Innovations In Clinical Neuroscience

JAN-FEB 2017

A peer-reviewed, evidence-based journal for clinicians in the field of neuroscience

Issue link:

Contents of this Issue


Page 14 of 63

[ V O L U M E 1 4 , N U M B E R 1 – 2 , J A N U A R Y – F E B R U A R Y 2 0 1 7 ] Innovations in CLINICAL NEUROSCIENCE 15 projectors, and/or gloves fitted with s ensors or touch-sensitive motors. Sensors may allow researchers to monitor and record a patient's level of interactivity (known as "immersion" or "presence") in a way that is reliable, s afe, and replicable. 3 VR's immersive, entertaining effects are useful for redirecting the patient's attention away from painful treatment experiences and reducing anxiety, discomfort, or unpleasantness. 12 VR has been utilized in many studies to distract (often pediatric) patients during wound redressing in burn care, and in exposure therapy for phobias or posttraumatic stress disorder (PTSD) as a substitute for imagination of a feared environment. 7 VR has been used to treat eating disorders and obesity, allowing patients to improve body image perceptions and promote healthier eating habits by inhabiting realistic avatars in stress- inducing virtual situations, such as food shopping. 7 VR is also used for patient motor rehabilitation, aiding patients to reacquire specific skills and improve body movement in virtual environments that are less dull or discouraging than standard gym exercises. 7 METHODS Literature search strategy. We reviewed all controlled trials of VR in inpatient medical settings published over the last 10 years. We used PsycINFO, PubMed, and Medline electronic databases to identify studies from 2005 to 2015, based on the following keywords: virtual reality, VR therapy, treatment, and inpatient. We also reviewed reference lists of previous reviews and meta-analyses to identify titles not captured in our initial search. We excluded trials with no control or comparison group, case studies, outpatient studies, theses or dissertations, and articles not published in the English language. As displayed in Figure 1, our initial search yielded 2,024 citations of journal articles written in English over the last decade. We discarded 1,966 citations not involving inpatient populations and reviewed the remaining 58 studies in more detail. We excluded 42 of these studies because they did not meet all inclusion criteria, were duplicates, or because the full text was not available. We grouped the final 11 eligible studies based on their application of VR to three broad medical conditions: pain distraction, eating disorders/obesity, and cognitive/motor rehabilitation. These studies are described in Table 1. Evaluation of study quality. To evaluate the strength of scientific evidence reported in these studies, we utilized a measure developed by Reisch, Tyson, and Mize, chosen among several measures reviewed and approved by the Agency for Healthcare Research and Quality (AHRQ). 13,14 We selected the Reisch measure because it can be used for both observational studies and randomized, controlled trials (RCTs) and thoroughly assesses many important domains, including the following: study purpose, experimental design, sample size determination, description and suitability of subjects, randomization and stratification, usage of control/comparison group, treatment procedures, blinding, attrition, subject and treatment evaluation metrics, data analysis and presentation, and treatment recommendations. The measure aggregates data on 34 attributes within these 12 domains to produce a quality ratio (0–1), and can be adjusted to exclude attributes that do not apply to a given study. For example, blinding to the usage of VR is impossible by design, so this domain was not included in our evaluation of study quality. Two raters (study authors JR and MR) scored each VR trial, utilizing a subset of applicable questions that totaled 27 points. After each rater completed a review of one of the VR trials, the raters conferred and discussed differences in scoring. Then, each rater reviewed the complete set of articles presented herein. 15 We assessed inter- rater reliability by computing Cohen's FIGURE 1. Flowchart of search strategy and study selection process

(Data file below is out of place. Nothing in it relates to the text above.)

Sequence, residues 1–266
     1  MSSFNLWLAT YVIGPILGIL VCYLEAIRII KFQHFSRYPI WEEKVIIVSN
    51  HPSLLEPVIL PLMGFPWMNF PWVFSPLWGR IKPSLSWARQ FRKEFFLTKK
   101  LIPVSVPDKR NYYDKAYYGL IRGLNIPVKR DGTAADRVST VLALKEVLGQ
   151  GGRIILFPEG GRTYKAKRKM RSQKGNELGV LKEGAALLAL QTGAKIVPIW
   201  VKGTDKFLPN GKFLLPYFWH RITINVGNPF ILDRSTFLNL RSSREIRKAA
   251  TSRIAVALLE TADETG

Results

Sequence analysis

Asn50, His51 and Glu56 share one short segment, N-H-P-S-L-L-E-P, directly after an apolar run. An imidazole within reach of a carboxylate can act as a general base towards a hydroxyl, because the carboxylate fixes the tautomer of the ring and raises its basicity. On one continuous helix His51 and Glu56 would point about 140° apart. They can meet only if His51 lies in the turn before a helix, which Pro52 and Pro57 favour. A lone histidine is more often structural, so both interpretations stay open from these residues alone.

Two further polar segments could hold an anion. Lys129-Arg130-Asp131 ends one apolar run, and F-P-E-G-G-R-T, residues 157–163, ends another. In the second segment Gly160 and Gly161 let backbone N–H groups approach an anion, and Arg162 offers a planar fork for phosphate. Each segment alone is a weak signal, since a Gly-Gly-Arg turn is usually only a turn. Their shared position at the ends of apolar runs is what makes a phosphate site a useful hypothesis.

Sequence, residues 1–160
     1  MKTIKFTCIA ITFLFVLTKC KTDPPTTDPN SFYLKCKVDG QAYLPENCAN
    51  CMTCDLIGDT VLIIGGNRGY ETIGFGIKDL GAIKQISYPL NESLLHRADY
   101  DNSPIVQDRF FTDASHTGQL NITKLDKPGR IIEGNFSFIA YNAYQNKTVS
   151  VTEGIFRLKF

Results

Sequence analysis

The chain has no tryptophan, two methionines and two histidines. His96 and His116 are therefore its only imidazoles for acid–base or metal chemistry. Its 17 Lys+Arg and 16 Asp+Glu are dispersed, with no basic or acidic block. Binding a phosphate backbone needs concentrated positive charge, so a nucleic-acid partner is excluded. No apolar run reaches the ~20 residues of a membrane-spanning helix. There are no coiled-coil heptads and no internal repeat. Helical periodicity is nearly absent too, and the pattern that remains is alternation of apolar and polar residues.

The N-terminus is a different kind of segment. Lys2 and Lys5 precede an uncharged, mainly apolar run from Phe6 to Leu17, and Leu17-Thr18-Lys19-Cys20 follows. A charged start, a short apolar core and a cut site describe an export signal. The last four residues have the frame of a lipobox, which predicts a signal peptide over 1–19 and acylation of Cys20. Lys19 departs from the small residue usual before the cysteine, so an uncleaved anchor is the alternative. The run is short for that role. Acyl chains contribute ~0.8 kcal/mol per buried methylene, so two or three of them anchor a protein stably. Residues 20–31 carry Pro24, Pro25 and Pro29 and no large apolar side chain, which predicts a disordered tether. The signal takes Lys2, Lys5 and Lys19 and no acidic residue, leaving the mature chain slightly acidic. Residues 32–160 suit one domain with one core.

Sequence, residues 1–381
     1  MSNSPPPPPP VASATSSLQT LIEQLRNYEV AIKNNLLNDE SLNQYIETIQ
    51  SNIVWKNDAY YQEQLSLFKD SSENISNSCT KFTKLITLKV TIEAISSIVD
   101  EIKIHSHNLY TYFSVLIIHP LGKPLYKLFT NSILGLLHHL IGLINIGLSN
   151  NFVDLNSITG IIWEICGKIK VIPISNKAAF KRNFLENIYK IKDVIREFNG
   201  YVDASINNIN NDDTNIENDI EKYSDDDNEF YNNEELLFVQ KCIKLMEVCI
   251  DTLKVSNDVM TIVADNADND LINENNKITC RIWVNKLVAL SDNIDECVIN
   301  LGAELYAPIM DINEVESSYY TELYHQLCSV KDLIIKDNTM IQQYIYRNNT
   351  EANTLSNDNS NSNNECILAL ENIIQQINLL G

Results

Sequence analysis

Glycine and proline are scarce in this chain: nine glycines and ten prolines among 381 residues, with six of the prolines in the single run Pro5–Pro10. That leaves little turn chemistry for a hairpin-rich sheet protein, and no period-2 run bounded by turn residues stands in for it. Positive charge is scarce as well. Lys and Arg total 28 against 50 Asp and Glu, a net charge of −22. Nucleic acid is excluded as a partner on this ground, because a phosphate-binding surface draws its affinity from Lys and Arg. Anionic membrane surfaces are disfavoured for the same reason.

Articles in this issue

Archives of this issue

view archives of Innovations In Clinical Neuroscience - JAN-FEB 2017